I had a blast reviewing Meris' Ottobit Jr. Bitcrusher and Mercury7 Reverb pedals [Tape Op #123]. The three-person company (steered by inventive folks formerly of Line 6 and Strymon) has been turning heads with its intense, expanded spins on stompbox classics. I was glad to hear they had a delay pedal - known as the Polymoon - and gladder when I was asked to give it a spin for review.

A reasonably sized, dual-footswitch (bypass and tap tempo) delay pedal that runs on a standard 9V adaptor, the Polymoon has up to 1200 ms of multi-tap delay time with six fully adjustable LFOs for many more comprehensive modulation effects than seen on typical delay pedals. Yes, you can get gooey phasing and icy flanging in on the pedal's all-inclusive echo/delay act.

As with its other pedal siblings, the Polymoon has three familiar control knobs: Time, Feedback, and Mix. These knobs are bolstered by three more controls that are a little more off the beaten path yet are still intuitive: Multiply (selects the number of delay taps), Dimension (creates a "smear/smoothing" effect on the delay taps/reflections), and Dynamics (sets the amount of flanger effect that can be dynamically added to the delay signal.) By holding down a small Alt button, each of these six knobs have secondary functions for accessing even deeper parameters such as Early and Late Modulation, Dynamic Flanger Mode, Feedback Filter, and more.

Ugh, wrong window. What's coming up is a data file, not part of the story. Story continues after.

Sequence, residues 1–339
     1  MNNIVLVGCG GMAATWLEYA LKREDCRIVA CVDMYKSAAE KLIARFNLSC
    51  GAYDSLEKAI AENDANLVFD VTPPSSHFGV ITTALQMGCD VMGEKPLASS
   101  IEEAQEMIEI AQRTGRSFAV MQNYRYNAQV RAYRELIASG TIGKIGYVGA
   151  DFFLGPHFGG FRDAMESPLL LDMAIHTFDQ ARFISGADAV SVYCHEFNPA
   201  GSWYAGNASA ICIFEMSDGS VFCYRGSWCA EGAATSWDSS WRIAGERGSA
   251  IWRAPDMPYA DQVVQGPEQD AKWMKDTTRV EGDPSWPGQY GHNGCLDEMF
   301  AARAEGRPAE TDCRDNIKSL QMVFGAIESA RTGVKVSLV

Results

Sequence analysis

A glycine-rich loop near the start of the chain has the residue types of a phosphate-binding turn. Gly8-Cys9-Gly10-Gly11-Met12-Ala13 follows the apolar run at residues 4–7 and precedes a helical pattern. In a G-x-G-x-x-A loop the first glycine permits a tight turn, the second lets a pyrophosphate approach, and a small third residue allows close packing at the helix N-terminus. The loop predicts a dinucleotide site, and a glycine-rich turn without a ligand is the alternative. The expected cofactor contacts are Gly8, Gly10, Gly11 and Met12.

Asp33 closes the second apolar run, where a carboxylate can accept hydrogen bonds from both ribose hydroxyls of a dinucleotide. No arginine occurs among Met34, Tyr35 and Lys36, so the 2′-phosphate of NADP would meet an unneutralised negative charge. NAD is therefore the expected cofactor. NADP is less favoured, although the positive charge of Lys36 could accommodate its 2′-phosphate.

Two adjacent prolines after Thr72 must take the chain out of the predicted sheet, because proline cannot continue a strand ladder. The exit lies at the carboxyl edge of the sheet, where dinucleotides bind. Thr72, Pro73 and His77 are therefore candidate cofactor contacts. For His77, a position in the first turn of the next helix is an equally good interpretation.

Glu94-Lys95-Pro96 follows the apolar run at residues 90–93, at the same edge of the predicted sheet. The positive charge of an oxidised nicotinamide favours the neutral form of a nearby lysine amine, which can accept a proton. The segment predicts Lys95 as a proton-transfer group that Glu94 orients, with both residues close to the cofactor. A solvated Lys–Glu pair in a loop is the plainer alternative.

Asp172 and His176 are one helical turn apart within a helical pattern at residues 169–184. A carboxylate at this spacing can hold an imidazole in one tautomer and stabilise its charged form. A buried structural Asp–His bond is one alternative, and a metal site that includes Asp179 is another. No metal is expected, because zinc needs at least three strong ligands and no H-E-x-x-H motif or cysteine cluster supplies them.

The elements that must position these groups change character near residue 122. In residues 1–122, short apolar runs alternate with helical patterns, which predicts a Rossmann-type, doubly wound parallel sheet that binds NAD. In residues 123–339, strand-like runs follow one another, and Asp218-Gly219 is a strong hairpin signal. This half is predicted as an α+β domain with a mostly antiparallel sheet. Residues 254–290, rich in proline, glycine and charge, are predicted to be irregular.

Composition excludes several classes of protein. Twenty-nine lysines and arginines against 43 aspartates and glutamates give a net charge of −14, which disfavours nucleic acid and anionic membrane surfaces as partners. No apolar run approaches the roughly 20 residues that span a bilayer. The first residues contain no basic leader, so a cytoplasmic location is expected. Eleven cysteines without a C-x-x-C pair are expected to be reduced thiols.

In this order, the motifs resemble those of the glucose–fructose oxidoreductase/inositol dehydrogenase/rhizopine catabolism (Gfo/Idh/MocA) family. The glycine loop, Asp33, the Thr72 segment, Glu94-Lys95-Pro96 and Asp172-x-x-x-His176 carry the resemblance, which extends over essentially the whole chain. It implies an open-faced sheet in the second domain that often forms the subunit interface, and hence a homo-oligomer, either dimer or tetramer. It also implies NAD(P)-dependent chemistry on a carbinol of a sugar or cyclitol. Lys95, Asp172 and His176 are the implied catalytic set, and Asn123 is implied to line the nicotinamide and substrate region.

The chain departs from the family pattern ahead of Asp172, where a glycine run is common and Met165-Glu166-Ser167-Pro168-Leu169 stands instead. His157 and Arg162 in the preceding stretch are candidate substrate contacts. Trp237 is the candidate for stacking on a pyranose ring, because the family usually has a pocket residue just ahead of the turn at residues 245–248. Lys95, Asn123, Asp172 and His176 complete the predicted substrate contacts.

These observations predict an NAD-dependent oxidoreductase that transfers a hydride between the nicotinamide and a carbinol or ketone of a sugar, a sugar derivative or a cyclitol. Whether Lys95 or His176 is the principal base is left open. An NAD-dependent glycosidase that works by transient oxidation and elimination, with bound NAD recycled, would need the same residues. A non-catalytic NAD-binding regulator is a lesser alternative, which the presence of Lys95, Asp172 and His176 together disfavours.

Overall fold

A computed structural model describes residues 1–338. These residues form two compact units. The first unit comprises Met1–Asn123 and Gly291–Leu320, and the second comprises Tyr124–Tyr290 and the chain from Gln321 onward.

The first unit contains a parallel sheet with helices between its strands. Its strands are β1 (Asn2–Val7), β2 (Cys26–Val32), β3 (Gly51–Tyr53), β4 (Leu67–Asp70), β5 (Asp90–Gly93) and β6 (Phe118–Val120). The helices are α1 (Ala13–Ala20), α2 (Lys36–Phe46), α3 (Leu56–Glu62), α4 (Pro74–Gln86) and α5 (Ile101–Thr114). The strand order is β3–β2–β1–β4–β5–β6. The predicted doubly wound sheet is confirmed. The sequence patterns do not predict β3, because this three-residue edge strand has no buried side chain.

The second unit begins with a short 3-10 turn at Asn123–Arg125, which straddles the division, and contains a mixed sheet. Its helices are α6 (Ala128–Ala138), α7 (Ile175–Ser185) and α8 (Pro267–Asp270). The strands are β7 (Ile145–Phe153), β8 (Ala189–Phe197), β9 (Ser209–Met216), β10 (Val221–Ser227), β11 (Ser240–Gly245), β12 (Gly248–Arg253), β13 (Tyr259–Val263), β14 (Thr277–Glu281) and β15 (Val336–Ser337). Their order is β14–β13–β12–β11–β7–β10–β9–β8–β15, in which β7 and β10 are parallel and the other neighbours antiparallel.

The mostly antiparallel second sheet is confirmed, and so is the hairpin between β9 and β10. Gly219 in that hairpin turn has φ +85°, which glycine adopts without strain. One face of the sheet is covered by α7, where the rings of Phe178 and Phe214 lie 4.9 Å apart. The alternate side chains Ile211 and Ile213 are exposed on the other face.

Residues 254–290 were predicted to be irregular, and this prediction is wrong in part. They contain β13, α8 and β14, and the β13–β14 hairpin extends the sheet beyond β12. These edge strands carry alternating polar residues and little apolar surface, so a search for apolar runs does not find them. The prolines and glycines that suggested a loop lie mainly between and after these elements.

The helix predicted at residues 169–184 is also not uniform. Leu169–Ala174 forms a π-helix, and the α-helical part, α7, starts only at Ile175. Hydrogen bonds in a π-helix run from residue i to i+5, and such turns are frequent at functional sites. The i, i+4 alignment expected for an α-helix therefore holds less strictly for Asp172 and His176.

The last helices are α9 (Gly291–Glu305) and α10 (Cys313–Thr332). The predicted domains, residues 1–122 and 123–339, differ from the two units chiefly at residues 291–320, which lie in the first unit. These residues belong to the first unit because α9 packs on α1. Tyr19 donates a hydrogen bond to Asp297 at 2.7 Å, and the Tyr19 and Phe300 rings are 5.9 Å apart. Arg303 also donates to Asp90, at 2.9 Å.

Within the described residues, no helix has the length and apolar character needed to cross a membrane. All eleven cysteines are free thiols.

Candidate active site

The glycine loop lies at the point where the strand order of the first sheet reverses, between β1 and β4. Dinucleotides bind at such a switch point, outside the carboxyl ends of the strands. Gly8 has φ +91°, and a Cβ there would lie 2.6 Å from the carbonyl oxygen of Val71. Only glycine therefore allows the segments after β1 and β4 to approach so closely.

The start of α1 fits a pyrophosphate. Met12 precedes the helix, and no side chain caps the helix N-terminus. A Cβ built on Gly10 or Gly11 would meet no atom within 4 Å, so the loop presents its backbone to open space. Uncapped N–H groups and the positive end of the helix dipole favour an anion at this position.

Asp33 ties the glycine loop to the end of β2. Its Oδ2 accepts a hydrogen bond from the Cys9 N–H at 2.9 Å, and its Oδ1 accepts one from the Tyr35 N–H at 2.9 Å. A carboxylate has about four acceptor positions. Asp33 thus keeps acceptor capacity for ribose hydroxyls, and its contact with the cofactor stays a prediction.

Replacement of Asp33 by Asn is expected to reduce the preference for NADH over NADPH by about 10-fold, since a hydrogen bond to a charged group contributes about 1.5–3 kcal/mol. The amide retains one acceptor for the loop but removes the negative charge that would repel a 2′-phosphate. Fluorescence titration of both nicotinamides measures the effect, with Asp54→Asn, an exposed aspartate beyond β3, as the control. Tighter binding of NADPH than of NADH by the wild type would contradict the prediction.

I had a chance to use the Polymoon on my guitar tracks for Jeff Berlin's Random Misfires album and really enjoyed the process and results. Jeff asked for some randomized, stabby guitar line overdubs with ever-changing echoing decay. I rolled the dice by holding the Alt button down while tweaking some of the knobs haphazardly, resulting in some crazy-yet-musical echoes that Jeff loved. Later I decoded what I did and discovered how cool Early and Late Modulation manipulation can be - triangle wave modulation can be added in varying amounts to the early or late (or both) delay taps. This struck me as a technique previously only achievable with multiple cascading effect units.

The Polymoon pedal is super-quiet and well built. With its switchable line/instrument level capability, expression pedal jack, MIDI I/O, and preset control (with external switch) capability, the Polymoon can keep up with the best rack-mount gear. In fact, according to Meris, its original inspiration was multiple cascading rack-mount delay units à la Frank Zappa and Belew, et al. I'd love it if Meris would consider creating rack-mount or tabletop versions of this, in addition to their other deep, singular pedals. In any case, all of this versatile profundity as well as stunning fidelity made me consider the multi-faced Polymoon to likely be today's ultimate hardware delay (pedal or otherwise).

Tape Op is a bi-monthly magazine devoted to the art of record making.

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